Tag Archives: 1953

RIP James Chance (1953 – 2024)

James Chance was niet zijn echte naam, maar een mooie naam was het wel. Elke stad heeft in de jaren zeventig en tachtig wel een James Chance maar alleen die van de grote Westerse steden werden bekend. In de Verenigde Staten was dat New York.

“Contort yourself” (1979)

In die culturele hoofdstad van de wereld kreeg een artistieke beweging de naam ‘no wave’ opgeplakt en songschrijver en saxofonist James werd als ‘no-waver’ bekend met het nummer “Contort yourself” (1979), dat in een mix van Kid Creole dansbaar was. ‘Contort yourself’ betekent ‘verwring uzelf’, wees slangenmens.

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RIP Jean Teulé (1953 – 2022)

Le Magasin des suicides (2012) by Patrice Leconte, trailer.

Jean Teulé was een Frans schrijver, tekenaar en scenarist gekend van romans zoals Le Magasin des suicides (2006) and Mangez-le si vous voulez (2009).

Die twee boeken werden niet in het Nederlands vertaald (wel in het Engels) maar de titels zouden vast zo luiden: zelfmoordwinkel en Eet ‘m maar op als u wil.

Het eerste boek vertelt het verhaal van een familie die een naargeestig buurtwinkeltje uitbaat waar ze allerlei zelfmoordartikelen verkopen. Uiteraard geeft de familie ook deskundig gebruiksadvies. Tot op een dag in hun midden een lachend optimistisch baby’tje geboren wordt dat hun raison d’être steeds meer subverteert en de winkel zal omvormen tot een cadeauwinkeltje.

Het boek Eet ‘m maar op als u wil vertelt het verhaal van een op ware feiten gebaseerde kannibalisme-meute-incident dat zich in het Frankrijk van 1870 afspeelde.

Het verhaal van de zelfmoordwinkel werd verfilmd door Patrice Leconte, een van mijn favoriete Franse filmmakers.

RIP Robbie Shakespeare (1953 – 2021)

“Don’t Stop the Music” (1981) by Bits & Pieces

Robbie Shakespeare was a bass player who, with his partner Sly Dunbar, formed the most influential reggae rhythm section between the mid-1970s and the mid-1980s.

I found out about Robbie’s death in De Standaard in which Karel Michiels wrote a knowledgeable obituary. Michiels had struck me before when writing about the death of Bunny Wailer. When I came home I googled him. I found out he is a reggae musician in his own right and performs under the name Jah Shakespeare.

What is my history with Sly and Robbie?

I think a friend of mine had a tape of Taxi Gang (a Sly and Robbie moniker) with her when I traveled to Indonesia, Malaysia and Thailand in the early 1990s.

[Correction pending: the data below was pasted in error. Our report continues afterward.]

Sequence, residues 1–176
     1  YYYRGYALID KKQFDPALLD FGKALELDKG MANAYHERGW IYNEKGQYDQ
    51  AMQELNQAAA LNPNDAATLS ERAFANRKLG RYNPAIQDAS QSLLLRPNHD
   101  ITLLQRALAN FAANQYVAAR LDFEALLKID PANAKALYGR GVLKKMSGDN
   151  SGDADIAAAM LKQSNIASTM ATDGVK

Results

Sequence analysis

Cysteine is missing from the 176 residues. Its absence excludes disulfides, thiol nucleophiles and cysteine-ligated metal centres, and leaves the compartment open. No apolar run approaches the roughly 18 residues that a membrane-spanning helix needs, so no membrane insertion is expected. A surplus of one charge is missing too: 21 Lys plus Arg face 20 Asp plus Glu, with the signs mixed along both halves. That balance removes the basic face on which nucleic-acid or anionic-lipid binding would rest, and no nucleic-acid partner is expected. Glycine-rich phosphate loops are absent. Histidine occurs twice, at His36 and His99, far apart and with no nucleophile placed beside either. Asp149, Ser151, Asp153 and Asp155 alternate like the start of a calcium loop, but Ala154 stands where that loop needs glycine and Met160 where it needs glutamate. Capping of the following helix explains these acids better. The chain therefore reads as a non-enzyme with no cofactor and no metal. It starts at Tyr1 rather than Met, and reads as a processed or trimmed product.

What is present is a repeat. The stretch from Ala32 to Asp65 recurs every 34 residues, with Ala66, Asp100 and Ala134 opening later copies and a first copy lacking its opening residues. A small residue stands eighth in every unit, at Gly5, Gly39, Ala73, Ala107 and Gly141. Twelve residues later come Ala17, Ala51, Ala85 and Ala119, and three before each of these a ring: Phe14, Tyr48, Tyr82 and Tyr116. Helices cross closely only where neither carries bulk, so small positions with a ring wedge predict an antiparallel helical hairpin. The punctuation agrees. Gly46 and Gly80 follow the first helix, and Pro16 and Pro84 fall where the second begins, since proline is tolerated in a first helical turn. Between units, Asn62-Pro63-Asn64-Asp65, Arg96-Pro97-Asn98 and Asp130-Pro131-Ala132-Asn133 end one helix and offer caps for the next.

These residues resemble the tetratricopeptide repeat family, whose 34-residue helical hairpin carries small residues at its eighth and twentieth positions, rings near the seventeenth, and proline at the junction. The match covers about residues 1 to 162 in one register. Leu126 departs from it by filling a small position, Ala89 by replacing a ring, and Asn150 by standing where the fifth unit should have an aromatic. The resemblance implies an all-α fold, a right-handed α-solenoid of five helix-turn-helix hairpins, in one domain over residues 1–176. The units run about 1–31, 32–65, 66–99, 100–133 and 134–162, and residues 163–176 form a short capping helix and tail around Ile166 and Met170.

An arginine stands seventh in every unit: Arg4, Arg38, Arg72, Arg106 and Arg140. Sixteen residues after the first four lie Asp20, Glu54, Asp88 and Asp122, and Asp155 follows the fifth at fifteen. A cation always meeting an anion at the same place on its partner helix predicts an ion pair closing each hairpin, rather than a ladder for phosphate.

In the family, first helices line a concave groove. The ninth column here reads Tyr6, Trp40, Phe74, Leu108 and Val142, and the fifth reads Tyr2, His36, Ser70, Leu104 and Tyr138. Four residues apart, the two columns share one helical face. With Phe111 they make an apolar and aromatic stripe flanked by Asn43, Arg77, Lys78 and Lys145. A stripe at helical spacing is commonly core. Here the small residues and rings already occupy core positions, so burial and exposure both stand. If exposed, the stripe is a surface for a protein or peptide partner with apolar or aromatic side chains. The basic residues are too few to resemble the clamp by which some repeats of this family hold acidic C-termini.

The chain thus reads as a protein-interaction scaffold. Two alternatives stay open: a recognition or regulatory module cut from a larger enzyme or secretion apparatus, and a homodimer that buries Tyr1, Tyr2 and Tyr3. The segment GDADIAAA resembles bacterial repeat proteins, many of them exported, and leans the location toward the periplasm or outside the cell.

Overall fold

When I collected records during the late 1990s and early 2000s, I found a copy of “Don’t Stop the Music”, a track which they recorded under the moniker Bits & Pieces, a cover of the disco song.

Boops (Here To Go)” (1987)

And then there is “Boops (Here To Go)” (1987) produced by Bill Laswell. This I first heard in Tom Tom Club in Antwerp. When I tried to find it in the internet era, it took me some time, thinking the lyrics were, “civil check, arms open wide” in stead of “Si boops deh. With arms open wide”.

Compass Point houseband

Besides all this, the duo are central to what is perhaps my favorite recording studio. I am referring to Compass Point, where Sly and Robbie were central to the house band Compass Point All Stars. Everybody played there, perhaps most central to my universe, Serge Gainsbourg.

 Padlock EP (1983) by Gwen Guthrie

The Padlock EP

And, to conclude: Robbie also did the bass line on that unforgettable record Padlock EP (1983) by Gwen Guthrie, produced by Larry Levan.

RIP John Goodsall (1953 – 2021)

John Goodsall was an American-British rock guitarist known for his work with Atomic Rooster and Brand X.

Unorthodox Behaviour (1976)

Goodsall worked in the jazz fusion and prog rock idioms, genres which can be quite boring, except when compiled on such albums as Prog Is Not a Four Letter Word (2005) by Andy Votel.

RIP Evette Benton (1953 – 2021)

Space Bass” (1979)

Evette Benton (1953 – 2021) was an American singer known for her background work as one of the vocalists of the The Sweethearts of Sigma. She can also be heard on such records as “Space Bass” (1979).

You could say that “Space Bass” is specimen of the space disco genre. In that genre, if it exists, should also be “Dancing in Outer Space”, “The Chase”, “Cocomotion”, “Powerline”, “Space Funk”, “Carry On”, “Turn Me On”, “Atmosphere Strut”, “Solar Flight (Opus 1)”, “Nobody’s Got Time”, “War Dance”.

You’re welcome

RIP Nanci Griffith (1953 – 2021)

It’s a Hard Life Wherever You Go” (1989)

Nanci Griffith was an American singer-songwriter working in country, folk, and what she termed “folkabilly.”

She is known for such songs as the anti-war song “From a Distance” (1982) and the anti-racism anthem “It’s a Hard Life Wherever You Go” (1989). That is her socially engaged side, which, as a matter of principle almost, does not interest me very much.

There is another side, the slice-of-life side, represented by her song “Love at the Five and Dime” (1986). This side interests me more, also because the “five and dime” of the title reminds me of Come Back to the 5 & Dime, Jimmy Dean, Jimmy Dean (1982) by Robert Altman.

RIP Betty Wright (1953 – 2020)

Betty Wright was an American composer and singer.

She rose to fame in the 1970s with hits such as “Clean Up Woman” (1971) , “Shoorah! Shoorah!” (1974) and “Tonight Is the Night” (1974).

Born in Miami, she was married to King Sporty and was part of the Henry Stone, TK Records and Peter Brown circle. She was the vocalist for the latter’s “Dance with Me” (1978) single.

Her voice and the sound of the seventies material is similar to that of personal favorite Loleatta Holloway